The science behind skincare is fast becoming one of my guilty pleasures.
I use “guilty” advisedly: I’m a firm believer, in my music/cultural life at least, that it’s a stupid phrase, as there’s no reason to feel guilty about the things that bring you pleasure. But when it comes to skincare science – well, if the product’s cheap then the claims are probably bollocks; and if the research stacks up then you can bet you will be paying for the privilege.
Plus, with 35 on the horizon, I’m becoming increasingly less bothered about masking the signs of ageing. Ageing is wonderful. It means that I’ve had opportunities to learn and grow, and to enjoy so many fantastic experiences – so who cares whether some of that shows up on my face as wrinkles?
Although, as we have discussed before, I am genetically blessed with pretty decent skin. So I would say that, wouldn’t I.
Here’s a skincare science fact I learned recently, courtesy of XYZ Smart Collagen Cream*: by the time you reach the age of 35, natural collagen production in the body has already halved. Collagen is the main structural protein in your skin, and it’s when your body stops producing so much that thin, sagging skin and wrinkles can start to appear. Developed initially as a post-tattoo skin recovery cream, XYZ Smart Collagen incorporates two plant-based ingredients in a way which, the manufacturers claim, boosts the skin’s natural collagen production without triggering the skin’s natural inflammatory response.
These days, the product is primarily marketed as an anti-ageing cream, to the surprise of nobody: the claim is that after 12 weeks of use your skin will look a creepily exact 7.5 years younger. However, this one is more than just another overpriced face cream: its collagen-boosting qualities point to its potential use on stretch marks, as well for skin recovery. Let’s face it: this neat little glass jar is a far more glamorous route to tattoo healing than a tube of nappy rash cream, even if you’re paying ten times the price for it.
I was sent the standard 60ml jar of the cream for review purposes. It’s a sleek, space-age looking thing and although the packaging and label aren’t much to look at from the outside, the foam-lined container adds a touch of luxury to proceedings. Since XYZ is only offering mail order at the moment this makes sense, and means you don’t have to worry about the product getting damaged in transit.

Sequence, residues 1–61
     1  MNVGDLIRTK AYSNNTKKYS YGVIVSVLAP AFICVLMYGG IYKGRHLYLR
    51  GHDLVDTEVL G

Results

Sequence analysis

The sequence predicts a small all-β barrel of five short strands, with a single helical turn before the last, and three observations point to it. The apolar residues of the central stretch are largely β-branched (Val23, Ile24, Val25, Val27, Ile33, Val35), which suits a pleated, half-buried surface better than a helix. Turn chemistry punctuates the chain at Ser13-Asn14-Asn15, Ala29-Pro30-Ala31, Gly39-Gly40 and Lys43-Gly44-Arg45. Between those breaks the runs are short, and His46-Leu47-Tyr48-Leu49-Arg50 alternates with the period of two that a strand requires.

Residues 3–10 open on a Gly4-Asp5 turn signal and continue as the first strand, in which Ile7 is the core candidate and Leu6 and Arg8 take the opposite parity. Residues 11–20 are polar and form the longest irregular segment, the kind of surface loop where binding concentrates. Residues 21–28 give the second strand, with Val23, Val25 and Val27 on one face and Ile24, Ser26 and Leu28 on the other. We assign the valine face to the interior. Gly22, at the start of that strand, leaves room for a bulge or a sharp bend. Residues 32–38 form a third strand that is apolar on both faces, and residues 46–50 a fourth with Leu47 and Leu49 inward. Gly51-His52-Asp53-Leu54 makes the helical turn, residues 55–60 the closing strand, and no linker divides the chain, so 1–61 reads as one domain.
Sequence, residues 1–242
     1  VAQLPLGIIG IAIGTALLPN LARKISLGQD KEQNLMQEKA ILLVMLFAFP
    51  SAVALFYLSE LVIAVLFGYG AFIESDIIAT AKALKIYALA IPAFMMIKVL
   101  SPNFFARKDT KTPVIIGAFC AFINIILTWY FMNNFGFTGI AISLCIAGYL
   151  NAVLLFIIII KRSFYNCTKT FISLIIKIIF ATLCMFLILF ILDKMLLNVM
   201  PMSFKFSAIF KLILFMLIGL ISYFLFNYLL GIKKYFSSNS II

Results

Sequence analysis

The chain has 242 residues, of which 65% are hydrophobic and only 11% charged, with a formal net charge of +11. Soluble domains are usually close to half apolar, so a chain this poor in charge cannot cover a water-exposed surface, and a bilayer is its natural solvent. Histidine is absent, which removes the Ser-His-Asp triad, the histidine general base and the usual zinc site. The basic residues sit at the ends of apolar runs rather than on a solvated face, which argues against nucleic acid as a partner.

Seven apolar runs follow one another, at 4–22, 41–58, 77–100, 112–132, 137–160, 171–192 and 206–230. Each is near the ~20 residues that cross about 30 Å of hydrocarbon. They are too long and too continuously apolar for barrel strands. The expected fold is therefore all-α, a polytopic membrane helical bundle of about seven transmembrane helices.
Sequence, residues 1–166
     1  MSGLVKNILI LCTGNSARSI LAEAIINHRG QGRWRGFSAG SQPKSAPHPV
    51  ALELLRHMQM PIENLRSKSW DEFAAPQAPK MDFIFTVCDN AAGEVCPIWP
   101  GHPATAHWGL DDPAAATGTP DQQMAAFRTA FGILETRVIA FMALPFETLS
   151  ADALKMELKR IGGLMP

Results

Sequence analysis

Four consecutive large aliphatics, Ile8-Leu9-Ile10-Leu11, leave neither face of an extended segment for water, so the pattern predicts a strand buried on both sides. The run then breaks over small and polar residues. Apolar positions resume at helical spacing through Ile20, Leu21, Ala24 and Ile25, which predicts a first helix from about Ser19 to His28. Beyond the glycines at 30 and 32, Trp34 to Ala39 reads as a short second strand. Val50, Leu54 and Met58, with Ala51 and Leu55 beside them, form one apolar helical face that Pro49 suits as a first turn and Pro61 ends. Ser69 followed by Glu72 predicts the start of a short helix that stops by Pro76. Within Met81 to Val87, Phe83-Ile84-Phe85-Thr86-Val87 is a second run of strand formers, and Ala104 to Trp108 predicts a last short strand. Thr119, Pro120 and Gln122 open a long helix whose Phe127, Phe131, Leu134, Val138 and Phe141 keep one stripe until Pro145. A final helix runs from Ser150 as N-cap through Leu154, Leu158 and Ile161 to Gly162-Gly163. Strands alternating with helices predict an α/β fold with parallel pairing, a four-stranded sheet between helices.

As I’ve only been using the cream for three weeks at last count, I’m not about to report any miracle transformations here. But I’ve been using it as an eye cream, something that I feel the product is perfectly designed for: I don’t like using thicker creams on my combination skin, but the velvety texture is perfect for the eye area. That’s also the part of my face in which I tend to see the traditional signs of ageing, such as wrinkles – particularly at the moment, when I’m one month into a sinus infection and feel as though my face is permanently screwed up from sneezing or peering at a computer screen.
I haven’t actually used a dedicated eye cream since my wonderful (and irreplaceable, at that price) La Prairie stuff ran out a few months ago, so take this with a pinch of salt if you will: but after three weeks of use, my under eye area is noticeably softer and smoother to the touch. It’s not miraculously erased my crow’s feet or anything, and nor would I particularly want it to, but I’m definitely impressed enough to work my way through the jar so who knows – maybe I’ll have my own skincare science session to report soon.
It was interesting to get more of a feel for how the cream works when I tried it on the back of my hand and saw it smooth out my skin by filling in those fine lines – like some kind of fairyland Polyfilla. Of course, that’s only the short-term results – whether this one does everything is says on the jar remains to be seen.
This post contains PR samples, but all views are my own and unbiased.